How to Shorten the Elder Care Crisis

By Franklin Drazen, CELA

Many people who call my office are in the midst of an elder care crisis, but they can’t see it.

What is an elder care crisis? It’s what happens when the older adult has a problem that throws the family into chaos. It could be a medical event, a fall, an accident, a car wreck, or something else.

For these families, the elder care crisis isn’t a special event. It’s an everyday occurrence.

Things have to get really bad for these family caregivers to pick up the phone and ask for our help, and when they do, the help they often request will fix only a small fraction of the problem. For instance, a man with advanced Alzheimer’s disease who is still living at home mistakes his wife for an intruder and attacks her. She is in a coma in the hospital, and the kids call me for help with asset protection.

Most families don’t come to me after the first crisis, because they don’t recognize their situation as a crisis. Let’s say your elderly mother falls, breaks a bone, and ends up in the hospital. After spending a month in rehab, she comes home. Medicare provides help for a few weeks, but after that ends, Mom tells you she doesn’t need any help. You know she does and that it’s only a matter of time before something else happens, which means you and your siblings are on pins and needles waiting for the next emergency. When that happens, as it always does, everybody jumps. You and your siblings spend all your time and resources taking care of that crisis and the stress it creates, only to bring her home and repeat the same sorry cycle again and again. Usually, people don’t realize there is a different way to deal with these concerns.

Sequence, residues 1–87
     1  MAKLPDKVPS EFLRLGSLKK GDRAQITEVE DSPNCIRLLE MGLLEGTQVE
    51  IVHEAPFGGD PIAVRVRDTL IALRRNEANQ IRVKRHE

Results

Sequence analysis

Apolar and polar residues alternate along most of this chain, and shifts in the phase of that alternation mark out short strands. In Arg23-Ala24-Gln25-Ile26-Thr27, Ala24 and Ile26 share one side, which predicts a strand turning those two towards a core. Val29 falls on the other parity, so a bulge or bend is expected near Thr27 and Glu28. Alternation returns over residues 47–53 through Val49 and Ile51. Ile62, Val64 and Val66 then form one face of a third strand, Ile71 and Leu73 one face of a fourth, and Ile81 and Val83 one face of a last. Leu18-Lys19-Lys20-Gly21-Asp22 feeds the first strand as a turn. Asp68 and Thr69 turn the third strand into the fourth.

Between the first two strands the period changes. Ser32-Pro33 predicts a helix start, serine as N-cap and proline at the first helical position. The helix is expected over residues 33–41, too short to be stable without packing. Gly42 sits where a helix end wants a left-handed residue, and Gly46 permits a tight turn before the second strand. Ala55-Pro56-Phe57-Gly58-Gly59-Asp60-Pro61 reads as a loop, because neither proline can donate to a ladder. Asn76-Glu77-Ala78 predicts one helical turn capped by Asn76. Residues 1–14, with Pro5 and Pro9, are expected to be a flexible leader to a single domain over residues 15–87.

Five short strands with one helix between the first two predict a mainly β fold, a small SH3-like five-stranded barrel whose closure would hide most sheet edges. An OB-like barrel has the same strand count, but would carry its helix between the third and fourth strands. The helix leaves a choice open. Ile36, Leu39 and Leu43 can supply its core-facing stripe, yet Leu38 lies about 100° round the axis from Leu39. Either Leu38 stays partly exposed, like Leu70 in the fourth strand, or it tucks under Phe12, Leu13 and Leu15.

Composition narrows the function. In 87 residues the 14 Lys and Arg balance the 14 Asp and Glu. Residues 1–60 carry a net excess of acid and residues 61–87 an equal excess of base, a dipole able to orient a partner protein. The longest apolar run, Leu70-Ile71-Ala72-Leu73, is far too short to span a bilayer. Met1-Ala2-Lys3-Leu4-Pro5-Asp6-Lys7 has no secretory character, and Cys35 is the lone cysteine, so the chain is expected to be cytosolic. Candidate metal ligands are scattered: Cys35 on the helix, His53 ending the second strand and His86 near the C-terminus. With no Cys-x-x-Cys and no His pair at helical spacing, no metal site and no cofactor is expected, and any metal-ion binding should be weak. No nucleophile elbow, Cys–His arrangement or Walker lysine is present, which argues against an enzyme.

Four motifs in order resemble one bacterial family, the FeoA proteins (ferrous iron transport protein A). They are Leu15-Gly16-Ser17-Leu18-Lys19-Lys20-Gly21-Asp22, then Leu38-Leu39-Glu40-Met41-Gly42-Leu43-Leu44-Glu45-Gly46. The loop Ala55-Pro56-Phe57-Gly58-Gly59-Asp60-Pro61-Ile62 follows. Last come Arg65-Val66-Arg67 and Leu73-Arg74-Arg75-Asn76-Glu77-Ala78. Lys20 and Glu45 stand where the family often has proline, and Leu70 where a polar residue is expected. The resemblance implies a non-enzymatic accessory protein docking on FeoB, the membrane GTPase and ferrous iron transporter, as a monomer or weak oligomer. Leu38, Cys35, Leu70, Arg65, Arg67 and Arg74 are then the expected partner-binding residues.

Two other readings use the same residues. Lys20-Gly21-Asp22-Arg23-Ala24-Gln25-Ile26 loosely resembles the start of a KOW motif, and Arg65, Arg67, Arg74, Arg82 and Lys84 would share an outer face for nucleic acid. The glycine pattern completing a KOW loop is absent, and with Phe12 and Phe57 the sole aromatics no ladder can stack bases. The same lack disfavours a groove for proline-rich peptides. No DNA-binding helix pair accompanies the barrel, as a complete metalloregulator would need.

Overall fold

In my work as an elder law attorney, I look for fact patterns, and this is a common one. Families like these are going from crisis to crisis to crisis. There’s no peace for anyone.

However, my clients who opt for Life Care Plans don’t experience these crises. When the day comes that Mom needs help or can’t stay at home anymore, her children are prepared. This kind of planning turns every crisis into a transition, removing the chaos and stress from the equation.

When I compare the faces and demeanor of people when they arrive for their initial meeting with me to how they appear when they leave hire us, the difference is striking. They almost always come in with long faces showing the pressure they feel. Often the caregivers are under so much stress that they can’t answer even the simplest questions. If other family members attend this first meeting, it’s easy to see the conflict simmering under the surface. After these people hire us to create a Life Care Plan for their loved one, the stress drains away. You can see it on their faces. Their think can clearly again. They can plan. They can smile. They can go back to being a spouse, a son, a daughter, a loved one. Family harmony is often restored. It’s wonderful to watch and to be part of.

One of the biggest reasons families linger for weeks, months, or even years in crisis mode involves the adult children. In many cases, the kids are unwilling to accept the role reversal that often happens as parents age. The children need to step into the role of the parent, and some put it off for as long as possible, even if the older adult has a condition like dementia or Alzheimer’s disease. The kids are still looking to their parent for approval, validation, agreement, and logic.

When the adult children resist taking the reins, it’s my job to help them understand what’s at stake. This requires finesse. “You have the power of attorney, right?” I asked the Melissa, the daughter of woman with dementia who was looking for her mother to make the final decision about moving to memory care. “You’re the trustee of her trust, right? You make her medical decisions for her, right?”

Melissa nodded.

What I said next is obvious to me, but it rarely occurs to most adult children in the throes of a never-ending elder care crisis.

"Do you know why your mom put you in those roles?” I asked. “She did it because she trusted you to make the right decisions when she needs help. By looking to Mom to be the adult, you are making things far more difficult for her. You're looking at her to be the adult. Mom can't relax because you're telling her you can't make the decision. If you want to be kind to your mother, you will step up and make the decision. It will work for  both of you.”

That’s how you keep the elder care crisis from going on forever.

Franklin Drazen is a Certified Elder Law Attorney and the founding member of Drazen Rubin Law, a Life Care Planning Law Firm in Milford, Connecticut.